Election Day has come and gone, but the name-calling, accusations and uncivil nature of election season are still playing out at UNLV.
In October, the Consolidated Students of University of Nevada Judicial Council invalidated the student government elections due to procedural errors and disorganization. Jose Garcia, a student running for a student government senate seat, says a sitting student senator told him shortly afterward he should be glad the election was invalidated.
"I asked him why because I was excited and wanted to win election," said Garcia, 20. "He told me that if I had won, (student senator) Rachel Stephens was ready to file a complaint against me with the elections board because I'm an 'illegal.'"
Garcia's parents brought him to New Mexico from Chihuahua, Mexico, when he was 2 years old. His father had found a job on a farm in New Mexico but did not have a work visa. Garcia said his father crossed the border routinely in those days without papers, and he did not think twice about taking the family with him. Soon after, the whole family moved to Phoenix, where Garcia grew up.
Garcia, now a junior, was elected to the student senate as a freshman but lost his re-election bid in his sophomore year. Since then, he has become more open about not having a legal residency status. He has applied for the Deferred Action for Childhood Arrivals program, which allows some young immigrants who are residing in the country illegally to avoid deportation and obtain a two-year work permit and social security number. The program was instituted earlier this year.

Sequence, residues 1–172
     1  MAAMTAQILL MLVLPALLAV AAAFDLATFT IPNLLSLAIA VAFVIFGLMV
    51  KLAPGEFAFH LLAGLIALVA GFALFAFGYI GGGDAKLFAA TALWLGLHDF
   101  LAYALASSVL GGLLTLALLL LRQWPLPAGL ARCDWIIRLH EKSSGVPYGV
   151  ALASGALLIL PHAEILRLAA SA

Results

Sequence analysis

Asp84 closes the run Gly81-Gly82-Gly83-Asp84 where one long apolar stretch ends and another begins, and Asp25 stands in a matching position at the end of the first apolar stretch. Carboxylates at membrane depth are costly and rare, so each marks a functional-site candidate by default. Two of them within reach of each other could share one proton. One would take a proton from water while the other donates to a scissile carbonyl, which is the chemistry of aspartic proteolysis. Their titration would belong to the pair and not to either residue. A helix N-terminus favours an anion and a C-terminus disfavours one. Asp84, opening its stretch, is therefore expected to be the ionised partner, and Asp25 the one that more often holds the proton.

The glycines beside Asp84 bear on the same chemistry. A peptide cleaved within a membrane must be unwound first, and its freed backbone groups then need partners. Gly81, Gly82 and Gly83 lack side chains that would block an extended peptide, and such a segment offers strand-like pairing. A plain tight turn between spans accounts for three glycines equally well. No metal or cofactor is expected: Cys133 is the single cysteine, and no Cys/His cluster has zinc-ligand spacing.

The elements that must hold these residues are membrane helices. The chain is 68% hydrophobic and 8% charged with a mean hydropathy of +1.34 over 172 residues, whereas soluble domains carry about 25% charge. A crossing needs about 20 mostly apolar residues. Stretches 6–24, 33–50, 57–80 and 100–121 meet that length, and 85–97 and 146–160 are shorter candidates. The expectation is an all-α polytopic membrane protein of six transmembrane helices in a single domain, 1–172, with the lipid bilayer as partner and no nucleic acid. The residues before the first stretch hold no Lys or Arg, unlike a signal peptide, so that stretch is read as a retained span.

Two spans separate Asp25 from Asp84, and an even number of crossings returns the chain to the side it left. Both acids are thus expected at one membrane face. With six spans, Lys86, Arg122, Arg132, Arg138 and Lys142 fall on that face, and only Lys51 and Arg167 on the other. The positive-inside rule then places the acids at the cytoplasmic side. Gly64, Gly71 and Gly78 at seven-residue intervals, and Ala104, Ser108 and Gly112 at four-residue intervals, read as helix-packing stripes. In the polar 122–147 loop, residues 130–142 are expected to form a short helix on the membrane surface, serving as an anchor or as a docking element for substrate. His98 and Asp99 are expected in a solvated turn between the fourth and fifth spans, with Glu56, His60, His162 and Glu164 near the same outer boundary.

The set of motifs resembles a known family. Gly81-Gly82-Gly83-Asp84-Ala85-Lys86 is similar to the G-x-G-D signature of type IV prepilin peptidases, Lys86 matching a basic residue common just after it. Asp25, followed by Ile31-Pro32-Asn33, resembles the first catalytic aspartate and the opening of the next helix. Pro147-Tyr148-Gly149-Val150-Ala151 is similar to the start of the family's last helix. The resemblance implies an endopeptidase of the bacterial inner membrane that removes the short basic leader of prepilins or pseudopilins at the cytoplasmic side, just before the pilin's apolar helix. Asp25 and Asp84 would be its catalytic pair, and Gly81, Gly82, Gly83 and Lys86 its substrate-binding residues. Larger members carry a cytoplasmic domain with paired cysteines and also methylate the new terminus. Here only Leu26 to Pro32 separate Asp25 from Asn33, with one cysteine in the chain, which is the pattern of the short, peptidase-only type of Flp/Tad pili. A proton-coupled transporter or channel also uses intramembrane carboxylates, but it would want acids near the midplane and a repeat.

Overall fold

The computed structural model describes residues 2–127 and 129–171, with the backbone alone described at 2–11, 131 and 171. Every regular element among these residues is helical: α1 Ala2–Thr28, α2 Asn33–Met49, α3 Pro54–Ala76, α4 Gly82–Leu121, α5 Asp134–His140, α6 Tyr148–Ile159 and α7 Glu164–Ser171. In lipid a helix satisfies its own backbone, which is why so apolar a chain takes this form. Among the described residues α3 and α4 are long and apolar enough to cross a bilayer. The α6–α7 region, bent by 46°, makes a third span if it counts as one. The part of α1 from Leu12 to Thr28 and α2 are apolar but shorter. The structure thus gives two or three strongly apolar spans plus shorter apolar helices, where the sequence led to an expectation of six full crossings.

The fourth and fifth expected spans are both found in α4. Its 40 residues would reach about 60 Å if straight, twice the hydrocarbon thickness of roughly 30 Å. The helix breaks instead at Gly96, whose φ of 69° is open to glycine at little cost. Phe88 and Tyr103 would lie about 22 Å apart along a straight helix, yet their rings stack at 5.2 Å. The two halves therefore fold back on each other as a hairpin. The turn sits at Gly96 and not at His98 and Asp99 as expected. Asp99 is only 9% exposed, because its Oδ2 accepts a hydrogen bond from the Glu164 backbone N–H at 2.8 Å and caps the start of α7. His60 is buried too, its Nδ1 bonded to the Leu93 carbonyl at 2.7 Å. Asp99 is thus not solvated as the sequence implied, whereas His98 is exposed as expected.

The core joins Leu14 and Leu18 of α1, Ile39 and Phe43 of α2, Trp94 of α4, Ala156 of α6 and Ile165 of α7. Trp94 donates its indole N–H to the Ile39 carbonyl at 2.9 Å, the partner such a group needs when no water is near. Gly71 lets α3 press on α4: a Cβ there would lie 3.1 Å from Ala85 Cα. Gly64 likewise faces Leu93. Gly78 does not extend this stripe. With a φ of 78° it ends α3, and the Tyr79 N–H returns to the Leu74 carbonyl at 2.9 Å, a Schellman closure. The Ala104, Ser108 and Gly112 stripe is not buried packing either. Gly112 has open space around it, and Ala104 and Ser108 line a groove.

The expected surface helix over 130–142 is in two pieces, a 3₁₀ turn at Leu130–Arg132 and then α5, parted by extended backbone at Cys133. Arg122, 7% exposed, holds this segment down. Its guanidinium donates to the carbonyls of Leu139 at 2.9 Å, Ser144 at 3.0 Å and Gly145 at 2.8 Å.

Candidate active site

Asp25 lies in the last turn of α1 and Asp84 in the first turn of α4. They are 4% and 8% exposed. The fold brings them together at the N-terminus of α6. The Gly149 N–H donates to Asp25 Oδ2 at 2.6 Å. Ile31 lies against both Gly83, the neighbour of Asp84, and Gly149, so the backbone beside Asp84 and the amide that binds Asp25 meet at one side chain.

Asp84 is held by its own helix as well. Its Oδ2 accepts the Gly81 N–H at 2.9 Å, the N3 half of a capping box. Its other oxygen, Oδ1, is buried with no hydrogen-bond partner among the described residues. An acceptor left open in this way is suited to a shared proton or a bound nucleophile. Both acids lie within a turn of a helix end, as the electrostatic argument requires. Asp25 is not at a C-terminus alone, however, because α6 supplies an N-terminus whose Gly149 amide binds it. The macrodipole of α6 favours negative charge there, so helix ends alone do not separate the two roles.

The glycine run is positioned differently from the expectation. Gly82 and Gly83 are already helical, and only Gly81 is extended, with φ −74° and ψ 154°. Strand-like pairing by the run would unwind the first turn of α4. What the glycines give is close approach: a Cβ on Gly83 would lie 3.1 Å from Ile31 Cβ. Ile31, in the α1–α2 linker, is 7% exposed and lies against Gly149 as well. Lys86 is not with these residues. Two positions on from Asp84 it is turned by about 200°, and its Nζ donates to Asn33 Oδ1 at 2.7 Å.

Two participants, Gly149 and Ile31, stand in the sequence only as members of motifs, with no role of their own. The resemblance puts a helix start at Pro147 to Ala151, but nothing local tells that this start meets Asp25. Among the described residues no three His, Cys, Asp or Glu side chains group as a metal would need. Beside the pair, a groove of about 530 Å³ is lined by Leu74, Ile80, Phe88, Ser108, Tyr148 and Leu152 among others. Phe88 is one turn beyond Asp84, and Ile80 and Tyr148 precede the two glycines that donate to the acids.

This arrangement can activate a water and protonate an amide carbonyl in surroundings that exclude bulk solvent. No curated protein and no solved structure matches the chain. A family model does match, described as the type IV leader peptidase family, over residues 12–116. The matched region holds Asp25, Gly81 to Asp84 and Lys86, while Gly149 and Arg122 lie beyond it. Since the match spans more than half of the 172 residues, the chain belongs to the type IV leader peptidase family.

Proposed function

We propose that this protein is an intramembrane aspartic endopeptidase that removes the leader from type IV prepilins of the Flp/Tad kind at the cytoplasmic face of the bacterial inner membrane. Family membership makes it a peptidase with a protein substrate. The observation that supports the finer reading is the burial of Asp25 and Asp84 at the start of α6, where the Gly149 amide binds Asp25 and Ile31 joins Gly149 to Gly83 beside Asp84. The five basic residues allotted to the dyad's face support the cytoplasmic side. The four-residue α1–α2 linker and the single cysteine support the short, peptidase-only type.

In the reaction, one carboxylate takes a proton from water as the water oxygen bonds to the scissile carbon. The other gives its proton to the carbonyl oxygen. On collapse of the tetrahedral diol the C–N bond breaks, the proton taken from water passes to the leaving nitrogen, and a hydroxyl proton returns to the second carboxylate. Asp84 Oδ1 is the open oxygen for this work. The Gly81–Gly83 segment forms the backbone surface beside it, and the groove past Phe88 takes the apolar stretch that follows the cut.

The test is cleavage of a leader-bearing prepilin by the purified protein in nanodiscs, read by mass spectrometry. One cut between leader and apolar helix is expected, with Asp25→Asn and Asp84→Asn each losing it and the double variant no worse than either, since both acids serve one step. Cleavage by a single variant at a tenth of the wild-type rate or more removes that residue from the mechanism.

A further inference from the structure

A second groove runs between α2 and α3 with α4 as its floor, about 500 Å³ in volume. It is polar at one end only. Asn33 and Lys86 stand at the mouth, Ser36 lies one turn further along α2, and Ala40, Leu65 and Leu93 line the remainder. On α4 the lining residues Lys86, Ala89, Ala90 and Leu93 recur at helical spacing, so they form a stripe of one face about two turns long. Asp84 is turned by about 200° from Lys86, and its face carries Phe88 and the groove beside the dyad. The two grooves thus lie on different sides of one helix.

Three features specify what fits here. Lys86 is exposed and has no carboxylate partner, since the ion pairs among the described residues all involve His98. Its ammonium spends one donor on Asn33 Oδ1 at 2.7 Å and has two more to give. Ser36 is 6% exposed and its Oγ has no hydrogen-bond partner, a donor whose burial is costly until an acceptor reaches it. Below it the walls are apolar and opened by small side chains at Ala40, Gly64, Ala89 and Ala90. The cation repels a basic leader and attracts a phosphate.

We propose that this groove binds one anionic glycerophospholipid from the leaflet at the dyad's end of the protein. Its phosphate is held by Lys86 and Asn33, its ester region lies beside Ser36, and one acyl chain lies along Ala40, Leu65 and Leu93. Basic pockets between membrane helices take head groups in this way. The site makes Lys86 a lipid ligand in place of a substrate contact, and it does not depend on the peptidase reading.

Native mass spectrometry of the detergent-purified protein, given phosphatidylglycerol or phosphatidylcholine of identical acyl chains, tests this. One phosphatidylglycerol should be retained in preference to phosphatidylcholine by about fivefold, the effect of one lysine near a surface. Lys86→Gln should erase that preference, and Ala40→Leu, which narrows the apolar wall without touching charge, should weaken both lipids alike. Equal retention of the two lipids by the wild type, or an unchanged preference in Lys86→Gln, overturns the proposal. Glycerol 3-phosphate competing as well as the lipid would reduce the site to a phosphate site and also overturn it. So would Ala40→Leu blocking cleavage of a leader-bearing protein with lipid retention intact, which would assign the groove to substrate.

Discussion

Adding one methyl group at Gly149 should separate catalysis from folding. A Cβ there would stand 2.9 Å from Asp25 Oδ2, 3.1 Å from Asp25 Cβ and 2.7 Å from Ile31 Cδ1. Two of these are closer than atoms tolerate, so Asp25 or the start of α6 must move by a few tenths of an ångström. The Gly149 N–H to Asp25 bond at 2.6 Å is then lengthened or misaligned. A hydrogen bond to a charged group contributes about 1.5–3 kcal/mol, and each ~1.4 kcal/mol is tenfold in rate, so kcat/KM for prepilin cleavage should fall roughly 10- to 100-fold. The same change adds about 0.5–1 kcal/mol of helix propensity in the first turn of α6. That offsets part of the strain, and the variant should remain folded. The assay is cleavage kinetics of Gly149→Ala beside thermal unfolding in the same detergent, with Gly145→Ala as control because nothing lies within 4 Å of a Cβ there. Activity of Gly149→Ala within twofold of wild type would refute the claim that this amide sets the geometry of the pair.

The invalidated election was rescheduled for Nov. 28 and 29. On Nov. 19, UNLV's student newspaper, The Rebel Yell, published a letter from Garcia that criticized Stephens for creating an intolerant and intimidating environment.
Stephens, 25, said Garcia never contacted her and that her primary concern was the integrity of the student organization, which she did not want to be in jeopardy of breaking federal law.
"I'm upset about the fact that he claims he fears for his safety and I waged a campaign to silence him. It's absolutely false, and his accusations are very harmful," Stephens said, adding that she has no issue with immigrants and her ex-husband is the son of immigrants from China. Stephens also addressed Garcia's allegations in a response letter to the Rebel Yell.
Garcia said he did attempt to contact Stephens by email, but not until after he submitted his letter to the newspaper.
Stephens, the rules and ethics chairman, argued that because the elected members of the student government are technically employees and receive a $50 weekly stipend, UNLV would be breaking federal law if Garcia were allowed to be a senator.
In his first term as senator, Garcia did not accept the stipend and never filled out employment paperwork with the university. He did benefit from a tuition waiver for student senators.
"The funding for CSUN comes from student tuition, which I pay into," said Garcia, who gets financial help from his parents and also receives a scholarship from the honors college.
Stephens said Garcia knew about the comments for weeks before penning his letter to the Rebel Yell and said he may have waited so he could stir up attention closer to the rescheduled election.
Garcia said he was distracted by exams when he first heard of Stephens' comments and the real reason he took action later was to address a culture of conflict and intolerance in student government and on campus. In his letter, he names Stephens and CSUN President Mark Ciavola as having contributed to the contentious environment.
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